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Older dogs: Tips for bringing home a hyper puppy to live with them

Introducing a new puppy to an older dog
Introducing a new puppy to an older dog
Morguefile / butkovicdub

Sometimes we forget that dogs are a lot like children. We may think the older one would like a younger sibling so they are not so lonely. There may tend to be a bit of rivalry and jealousy, especially if the older dog has been the only “child” for quite some time.

That doesn’t mean you can’t get a younger puppy to keep the older dog company. You will, however, experience some jealousy between the two of them and they will compete for your attention.

Playtime with a Hyper Puppy

Older dogs tend not to want to play near as much, and will not be too interested in playing with the hyper younger dog. They may play for a few minutes but then the older dog may seek refuge somewhere that the puppy can’t get to. Allow the older dog to get up on the couch or recliner so that she has a bit of a break without the puppy being able to annoy her.

If the younger dog is extremely hyper and wants to play a lot, take a break from whatever you are doing and toss a few toys, or take the young dog for a walk. The older dog will appreciate the peace and quiet while he naps on the couch.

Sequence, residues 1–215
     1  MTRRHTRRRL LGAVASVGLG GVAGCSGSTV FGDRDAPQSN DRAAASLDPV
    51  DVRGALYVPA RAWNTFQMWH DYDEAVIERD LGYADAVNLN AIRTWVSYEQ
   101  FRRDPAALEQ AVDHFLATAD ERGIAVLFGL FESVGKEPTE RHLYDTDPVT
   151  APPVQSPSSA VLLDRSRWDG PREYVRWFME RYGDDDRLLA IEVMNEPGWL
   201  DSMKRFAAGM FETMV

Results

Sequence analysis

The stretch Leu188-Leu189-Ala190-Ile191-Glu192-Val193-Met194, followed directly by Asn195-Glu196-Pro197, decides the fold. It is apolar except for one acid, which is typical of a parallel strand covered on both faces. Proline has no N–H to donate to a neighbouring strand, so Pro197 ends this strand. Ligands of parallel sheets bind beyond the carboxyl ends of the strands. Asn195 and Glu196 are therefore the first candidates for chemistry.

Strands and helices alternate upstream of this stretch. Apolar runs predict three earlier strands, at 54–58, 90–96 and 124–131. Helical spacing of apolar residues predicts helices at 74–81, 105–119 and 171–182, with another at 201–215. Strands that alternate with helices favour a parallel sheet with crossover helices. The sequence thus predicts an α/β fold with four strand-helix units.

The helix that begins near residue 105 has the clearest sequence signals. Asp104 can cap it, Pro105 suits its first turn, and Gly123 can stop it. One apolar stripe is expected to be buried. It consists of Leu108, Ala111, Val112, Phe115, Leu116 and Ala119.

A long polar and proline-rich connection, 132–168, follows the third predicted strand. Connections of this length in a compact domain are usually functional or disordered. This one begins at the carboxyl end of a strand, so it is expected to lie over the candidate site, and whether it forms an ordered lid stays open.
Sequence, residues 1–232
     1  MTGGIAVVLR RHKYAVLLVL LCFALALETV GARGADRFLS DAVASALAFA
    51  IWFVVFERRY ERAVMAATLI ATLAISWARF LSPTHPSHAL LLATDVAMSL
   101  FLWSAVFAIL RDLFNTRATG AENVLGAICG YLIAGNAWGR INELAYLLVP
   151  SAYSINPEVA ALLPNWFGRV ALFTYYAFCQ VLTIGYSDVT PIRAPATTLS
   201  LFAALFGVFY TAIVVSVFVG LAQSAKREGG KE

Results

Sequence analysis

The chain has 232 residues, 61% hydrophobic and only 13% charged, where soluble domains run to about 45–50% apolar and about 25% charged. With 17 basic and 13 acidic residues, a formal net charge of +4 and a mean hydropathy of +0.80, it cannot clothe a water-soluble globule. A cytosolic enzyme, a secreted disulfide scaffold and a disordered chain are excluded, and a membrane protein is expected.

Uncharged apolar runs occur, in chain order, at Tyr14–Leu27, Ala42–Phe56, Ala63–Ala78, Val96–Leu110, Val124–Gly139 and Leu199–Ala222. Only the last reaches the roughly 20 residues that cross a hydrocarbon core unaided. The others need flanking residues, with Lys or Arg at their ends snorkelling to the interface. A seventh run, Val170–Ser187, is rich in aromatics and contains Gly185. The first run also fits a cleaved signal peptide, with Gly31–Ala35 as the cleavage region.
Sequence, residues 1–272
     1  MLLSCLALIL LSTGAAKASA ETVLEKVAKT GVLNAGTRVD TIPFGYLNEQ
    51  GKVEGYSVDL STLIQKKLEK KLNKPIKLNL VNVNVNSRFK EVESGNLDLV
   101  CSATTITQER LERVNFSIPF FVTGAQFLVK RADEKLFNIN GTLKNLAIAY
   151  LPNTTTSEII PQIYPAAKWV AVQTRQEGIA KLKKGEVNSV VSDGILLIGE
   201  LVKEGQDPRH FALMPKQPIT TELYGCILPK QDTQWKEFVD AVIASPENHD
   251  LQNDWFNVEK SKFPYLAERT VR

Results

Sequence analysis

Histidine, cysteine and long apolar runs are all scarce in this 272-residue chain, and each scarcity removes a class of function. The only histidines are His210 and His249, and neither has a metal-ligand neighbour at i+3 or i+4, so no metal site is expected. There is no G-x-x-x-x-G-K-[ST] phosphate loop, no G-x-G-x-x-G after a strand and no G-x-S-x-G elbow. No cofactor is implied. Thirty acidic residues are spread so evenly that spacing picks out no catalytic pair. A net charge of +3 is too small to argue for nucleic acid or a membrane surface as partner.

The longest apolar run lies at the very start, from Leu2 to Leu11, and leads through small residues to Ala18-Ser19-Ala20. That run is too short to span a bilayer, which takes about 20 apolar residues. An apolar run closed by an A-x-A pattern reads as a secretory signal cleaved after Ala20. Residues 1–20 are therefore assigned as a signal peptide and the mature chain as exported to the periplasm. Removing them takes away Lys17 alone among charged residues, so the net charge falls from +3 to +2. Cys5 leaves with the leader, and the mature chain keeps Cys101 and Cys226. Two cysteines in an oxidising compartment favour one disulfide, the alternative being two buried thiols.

Playing with the young hyper dog will be good for the older one. Most pets that are the only pet in the house tend to nap more frequently or just lay around. The young puppy will help the dog get a little exercise as they chase through the house, if even for just a few minutes.

Potty Breaks with an Older Dog and Hyper Puppy

Puppies have to be watched for potty breaks a lot more than an older, fully house broken dog does. The older, more settled dog knows to ask to go out and may only need to potty a few times a day. A young puppy will need to go out several times a day, especially while being housebroke.

Don’t force the older one to go out with you whenever you take the puppy out. The older dog may recent having to go out so much and it may even confuse his “potty schedule.” Stick to letting the older dog tell you when he has to go out. Take the younger, hyper dog out more frequently. This will also help the younger dog run off some of the energy.

Teach them to Respect Each Other’s Space

Each dog should have their own bed, toys and feeding dishes. Teach both of them to eat from their own dishes and sleep in their own beds. If the older dog sleeps with you, she may resent the younger puppy trying to invade her space. Put the puppy’s bed on the floor beside your bed and teach the puppy to sleep there.

A younger dog can keep an older dog entertained. The older dog will even learn to enjoy having a playmate at times, but be prepared for the older dog to show signs of jealousy. He may even growl at the puppy from time to time. Let him know that that is not acceptable and that the new puppy is part of the household now too.

Portions of this article were originally published by this author on a now closed YCN site.

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